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Brexit ‘could leave UK isolated
The assembly line at the Airbus factory in Toulouse, France. The company is now the world’s leading manufacturer of commercial jetliners and military airlifters, employing nearly 75,000 people mostly in France, Spain, Germany and the United Kingdom.
Airbus boss Paul Kahn fears Europe-wide business will be badly hit if country leaves EU.

London: Nearly 50 years ago, government ministers from France, Germany and Britain met and agreed that ‘for the purpose of strengthening European coordination in the field of aviation’ they should jointly develop the world’s first twin-engined wide-body passenger jet.
Two years later — in May 1969 — the A300 was launched and the story of modern-day pan-European business behemoth Airbus began.
The company is now the world’s leading manufacturer of commercial jetliners and military airlifters, employing nearly 75,000 people mostly in France, Spain, Germany and the United Kingdom and producing cutting-edge planes including the planet’s largest passenger airliner, the A380.
But an obstacle may be about to be thrown into the path of the Airbus success story, with the possibility of Britain leaving the European Union creating uncertainty at the company’s two large UK bases at Filton near Bristol and at Broughton in Wales.
Company bosses have been vocal in their support for a vote to remain, with Airbus UK president Paul Kahn going so far as writing to the 15,000 UK-based staff extolling the virtues of the EU ahead of Thursday’s in/out referendum.
Biggest concern
And with the polls indicating a closely fought contest, Kahn explained to Gulf News exactly why he thinks Britain should not turn its back on Europe.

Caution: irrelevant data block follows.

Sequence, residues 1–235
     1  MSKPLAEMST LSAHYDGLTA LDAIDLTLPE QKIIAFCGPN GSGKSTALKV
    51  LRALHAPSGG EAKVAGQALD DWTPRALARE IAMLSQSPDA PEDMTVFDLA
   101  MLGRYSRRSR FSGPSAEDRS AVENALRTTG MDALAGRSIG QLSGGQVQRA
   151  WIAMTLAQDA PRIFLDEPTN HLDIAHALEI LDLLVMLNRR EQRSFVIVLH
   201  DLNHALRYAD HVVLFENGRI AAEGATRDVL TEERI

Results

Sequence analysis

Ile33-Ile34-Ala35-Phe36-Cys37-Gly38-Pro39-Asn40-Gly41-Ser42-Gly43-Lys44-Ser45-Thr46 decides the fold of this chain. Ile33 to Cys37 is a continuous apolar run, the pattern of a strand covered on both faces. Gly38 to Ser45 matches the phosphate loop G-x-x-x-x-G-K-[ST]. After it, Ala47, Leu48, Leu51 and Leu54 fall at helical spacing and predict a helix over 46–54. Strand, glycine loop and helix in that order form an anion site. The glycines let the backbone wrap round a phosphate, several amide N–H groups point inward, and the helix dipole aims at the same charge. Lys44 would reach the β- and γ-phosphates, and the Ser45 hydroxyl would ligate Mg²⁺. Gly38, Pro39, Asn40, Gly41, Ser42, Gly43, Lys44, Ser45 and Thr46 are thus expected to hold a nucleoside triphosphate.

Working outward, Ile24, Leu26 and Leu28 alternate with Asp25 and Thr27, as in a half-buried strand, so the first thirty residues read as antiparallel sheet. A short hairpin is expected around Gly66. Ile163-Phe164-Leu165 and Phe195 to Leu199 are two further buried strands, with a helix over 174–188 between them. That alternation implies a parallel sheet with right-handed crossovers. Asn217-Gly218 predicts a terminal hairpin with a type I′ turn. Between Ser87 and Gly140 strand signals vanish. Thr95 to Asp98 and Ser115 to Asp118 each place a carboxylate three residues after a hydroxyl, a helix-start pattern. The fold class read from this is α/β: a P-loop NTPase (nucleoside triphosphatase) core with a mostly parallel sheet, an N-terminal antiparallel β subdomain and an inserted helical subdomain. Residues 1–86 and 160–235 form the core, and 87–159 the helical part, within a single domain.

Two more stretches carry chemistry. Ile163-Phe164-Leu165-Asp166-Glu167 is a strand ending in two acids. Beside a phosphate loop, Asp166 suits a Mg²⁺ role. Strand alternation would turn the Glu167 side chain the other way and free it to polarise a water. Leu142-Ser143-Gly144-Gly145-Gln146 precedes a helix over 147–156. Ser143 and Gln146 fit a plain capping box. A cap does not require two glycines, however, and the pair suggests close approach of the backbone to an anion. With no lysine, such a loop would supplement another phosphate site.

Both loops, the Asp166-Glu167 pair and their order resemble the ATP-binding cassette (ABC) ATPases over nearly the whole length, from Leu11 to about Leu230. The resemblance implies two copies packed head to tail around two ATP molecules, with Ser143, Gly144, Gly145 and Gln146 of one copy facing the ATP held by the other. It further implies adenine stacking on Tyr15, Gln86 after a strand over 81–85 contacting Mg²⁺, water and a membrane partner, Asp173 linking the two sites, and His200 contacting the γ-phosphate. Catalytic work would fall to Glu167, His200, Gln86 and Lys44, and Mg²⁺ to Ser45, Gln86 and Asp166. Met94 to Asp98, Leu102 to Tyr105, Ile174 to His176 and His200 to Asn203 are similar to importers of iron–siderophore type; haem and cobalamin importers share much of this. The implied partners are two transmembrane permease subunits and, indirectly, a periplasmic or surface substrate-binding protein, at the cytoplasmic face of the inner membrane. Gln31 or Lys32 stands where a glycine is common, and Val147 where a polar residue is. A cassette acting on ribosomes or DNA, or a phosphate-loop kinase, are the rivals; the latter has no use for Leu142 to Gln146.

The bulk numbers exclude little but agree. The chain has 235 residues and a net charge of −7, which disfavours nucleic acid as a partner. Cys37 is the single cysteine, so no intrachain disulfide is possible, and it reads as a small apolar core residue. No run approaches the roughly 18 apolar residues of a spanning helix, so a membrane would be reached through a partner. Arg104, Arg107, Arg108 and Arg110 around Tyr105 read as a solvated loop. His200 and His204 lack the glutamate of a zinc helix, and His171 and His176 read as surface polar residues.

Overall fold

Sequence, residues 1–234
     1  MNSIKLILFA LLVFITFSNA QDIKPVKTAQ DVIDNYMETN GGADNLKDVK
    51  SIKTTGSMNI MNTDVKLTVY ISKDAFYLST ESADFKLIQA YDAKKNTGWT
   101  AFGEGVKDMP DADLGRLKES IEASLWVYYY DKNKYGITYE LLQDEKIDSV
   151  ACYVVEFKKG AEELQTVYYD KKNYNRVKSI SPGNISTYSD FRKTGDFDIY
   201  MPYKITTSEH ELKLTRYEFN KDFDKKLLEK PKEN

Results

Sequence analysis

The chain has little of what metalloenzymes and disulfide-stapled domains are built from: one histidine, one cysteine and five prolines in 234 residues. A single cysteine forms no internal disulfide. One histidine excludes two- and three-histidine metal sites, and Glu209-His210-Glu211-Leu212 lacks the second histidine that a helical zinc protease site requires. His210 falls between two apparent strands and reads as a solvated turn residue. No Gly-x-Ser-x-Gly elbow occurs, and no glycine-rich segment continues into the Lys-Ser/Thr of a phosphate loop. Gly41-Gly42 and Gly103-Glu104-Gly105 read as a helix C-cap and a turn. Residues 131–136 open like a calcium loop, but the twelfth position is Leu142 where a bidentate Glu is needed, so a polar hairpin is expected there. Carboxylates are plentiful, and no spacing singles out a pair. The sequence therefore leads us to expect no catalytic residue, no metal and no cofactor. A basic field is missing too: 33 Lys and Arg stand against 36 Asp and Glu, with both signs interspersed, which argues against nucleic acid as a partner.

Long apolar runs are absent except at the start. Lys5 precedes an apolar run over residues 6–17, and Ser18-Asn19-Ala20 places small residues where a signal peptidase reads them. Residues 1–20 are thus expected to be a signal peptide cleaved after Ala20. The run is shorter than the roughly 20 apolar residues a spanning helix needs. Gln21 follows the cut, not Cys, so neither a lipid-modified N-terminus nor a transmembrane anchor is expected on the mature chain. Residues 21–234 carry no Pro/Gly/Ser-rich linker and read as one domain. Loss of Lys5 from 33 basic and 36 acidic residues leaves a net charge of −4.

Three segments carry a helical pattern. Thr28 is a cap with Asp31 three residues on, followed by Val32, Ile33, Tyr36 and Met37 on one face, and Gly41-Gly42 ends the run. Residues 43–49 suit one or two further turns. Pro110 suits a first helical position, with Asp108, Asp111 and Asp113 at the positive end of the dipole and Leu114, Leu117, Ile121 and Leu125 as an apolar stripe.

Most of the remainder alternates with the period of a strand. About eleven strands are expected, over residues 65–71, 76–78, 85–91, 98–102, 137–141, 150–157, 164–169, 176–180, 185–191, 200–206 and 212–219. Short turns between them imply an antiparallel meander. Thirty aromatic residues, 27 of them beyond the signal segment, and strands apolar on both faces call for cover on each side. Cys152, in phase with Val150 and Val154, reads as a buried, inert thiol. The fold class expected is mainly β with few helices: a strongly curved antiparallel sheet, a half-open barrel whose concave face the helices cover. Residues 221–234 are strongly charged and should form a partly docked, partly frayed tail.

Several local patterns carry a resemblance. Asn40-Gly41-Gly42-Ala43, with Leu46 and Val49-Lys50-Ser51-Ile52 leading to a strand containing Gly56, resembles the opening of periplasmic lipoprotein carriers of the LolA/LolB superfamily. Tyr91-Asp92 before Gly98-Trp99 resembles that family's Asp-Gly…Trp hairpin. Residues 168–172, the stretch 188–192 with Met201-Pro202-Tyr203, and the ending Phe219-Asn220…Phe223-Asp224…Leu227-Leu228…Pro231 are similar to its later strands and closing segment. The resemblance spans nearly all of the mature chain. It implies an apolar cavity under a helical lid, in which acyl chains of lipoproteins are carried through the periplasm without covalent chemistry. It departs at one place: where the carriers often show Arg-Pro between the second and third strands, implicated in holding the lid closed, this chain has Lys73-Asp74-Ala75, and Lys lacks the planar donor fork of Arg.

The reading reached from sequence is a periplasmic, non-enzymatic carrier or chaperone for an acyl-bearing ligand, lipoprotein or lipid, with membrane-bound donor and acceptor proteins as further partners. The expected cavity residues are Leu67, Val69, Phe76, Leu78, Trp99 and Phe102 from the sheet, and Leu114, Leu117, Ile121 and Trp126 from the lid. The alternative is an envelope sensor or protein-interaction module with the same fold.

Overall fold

“Our biggest concern is not so much the short-term disruption, it is about our longer-term competitiveness,” he said in an email interview. “We are a highly integrated business that, at its core, depends on European industrial organisation and integration.
“If the UK exits the EU, there are likely to be significant changes to the regulatory and economic environment, with subsequent impacts on our competitiveness. If we don’t enjoy the same unfettered access to people, capital, resource and technology that we currently do, then that will ultimately impact our competitiveness. Additional paperwork is not something that customers want to pay for.”
While Kahn insisted Airbus would continue to operate in the UK even if the country voted to leave the EU, he had a stark warning about Britain’s long-term future on the outside of the continental trading bloc.
“We have been clear that we will continue to support our existing operations irrespective of the referendum result. We remain committed to our current UK operations and workforce,” he said. “However, in the long term, a UK outside of the EU risks becoming isolated geopolitically, less influential in international trade negotiations and perhaps less competitive economically.
“This could have serious long-term ramifications for the country, which would not be easily undone.”
British suppliers
As well as the thousands of people employed at Filton and Broughton, Airbus also claims to be indirectly responsible for a further 100,000 jobs among its British suppliers. And Kahn believes Airbus has only been able to grow to such levels thanks to the EU.
“The success of Airbus Group’s operations in the UK depends on European industrial organisation and integration, which EU membership allows,” he said. “If the UK exits the EU, there are likely to be significant changes to the regulatory and economic environment, with subsequent impacts on our competitiveness.
“Airbus Group is the best example of a truly European industrial success story, with world-leading products and a brand that is envied around the globe.”
Of the EU’s limitations, Kahn added: “We have never said that the EU is not without its faults, but our arguments for Britain remaining in the EU are based on a desire to preserve a set of economic conditions that have allowed high-value manufacturing in the UK to flourish, whilst generating both jobs and prosperity for the economy as a whole.”


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